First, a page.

Arbiter: "It seems killing Chieftains is becoming a tradition for me."
    • Halo 2 and Halo 3 Brutes designs show up at the end, fighting each other. This justification as a tribal difference also shows up in Halo: Evolutions.
  • Face Death with Dignity: The Prophet of Penance does not evacuate his flagship with his crew, knowing he deserves his death for betraying the Elites. Elites too reflect on gaining this sort of death.
  • Fate Worse than Death: According to the Elites, the Brutes deserve worse than this, perhaps slavery.
  • Gallows Humor: Subverted. The Arbiter accuses Rtas 'Vadum of this, but he assures him that battle is actually going splendidly well.
  • Good Weapon, Evil Weapon: Energy swords versus gravity hammers.
  • Gunship Rescue
  • Ham-to-Ham Combat: Arguably as huge a battle as the physical duels themselves!
  • Heel Realization: The Prophet of Penance, who too has learned the Great Journey was a lie and so accepts that the Elites should kill him.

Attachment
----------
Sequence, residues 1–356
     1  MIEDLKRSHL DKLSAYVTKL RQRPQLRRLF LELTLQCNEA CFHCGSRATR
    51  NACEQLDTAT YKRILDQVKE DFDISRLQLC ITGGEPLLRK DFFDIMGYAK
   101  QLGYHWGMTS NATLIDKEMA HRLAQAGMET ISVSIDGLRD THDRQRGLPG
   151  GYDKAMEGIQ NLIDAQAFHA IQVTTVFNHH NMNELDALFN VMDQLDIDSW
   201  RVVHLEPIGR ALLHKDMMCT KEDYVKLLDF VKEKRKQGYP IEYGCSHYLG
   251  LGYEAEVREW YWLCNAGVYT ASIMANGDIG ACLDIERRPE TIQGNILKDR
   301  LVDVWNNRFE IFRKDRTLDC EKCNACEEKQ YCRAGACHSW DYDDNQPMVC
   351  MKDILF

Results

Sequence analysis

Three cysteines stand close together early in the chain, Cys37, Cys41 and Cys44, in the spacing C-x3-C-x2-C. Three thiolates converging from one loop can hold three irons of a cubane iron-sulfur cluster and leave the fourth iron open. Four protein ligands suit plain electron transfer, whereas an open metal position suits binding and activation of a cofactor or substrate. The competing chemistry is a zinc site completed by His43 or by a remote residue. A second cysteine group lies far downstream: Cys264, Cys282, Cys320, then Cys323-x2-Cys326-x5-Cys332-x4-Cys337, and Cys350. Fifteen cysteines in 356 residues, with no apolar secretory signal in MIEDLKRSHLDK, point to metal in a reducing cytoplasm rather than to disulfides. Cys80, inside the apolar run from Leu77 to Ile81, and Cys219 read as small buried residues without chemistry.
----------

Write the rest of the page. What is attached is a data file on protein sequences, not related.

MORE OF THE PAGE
• Heroic Sacrifice: Unusually, for a comic about a culture so obsessed with them, none are made.
  • Honor Before Reason: The Elite Councilor aboard the Shadow of Intent fits this mold perfectly, while Rtas 'Vadum and the Arbiter are more tempered versions, balancing pragmatism with honor. Unusually for the species, they're shown invoking this trope on the Brutes, expecting them to be arrogant enough to accept the terms of their duel.
  • It's Raining Men: How the Arbiter descends on Doisac.
  • Martyrdom Culture: But according to the Arbiter, make sure it's a cause worth dying for first.
  • "Not So Different" Remark: The comic opens with the Arbiter reflecting how his kind once hunted down those who denounced the Covenant, branding them heretics. But now the Elites as a whole are rebelling against the Covenant, and so become their "heretics".
  • Old Shame: For the Elites as a whole, joining the Covenant and believing the lie of Great Journey. For the Arbiter, it's being betrayed by Tartarus and thrown down a chasm. And so, on the blood of their fathers, they shall absolve their shame!
  • Once Done, Never Forgotten: Many of the Elites accuse the Arbiter of going soft because of he fought with humans. "There were but two", indeed.
  • One-Scene Wonder: The Prophet of Penance, in the opening intro to the comic.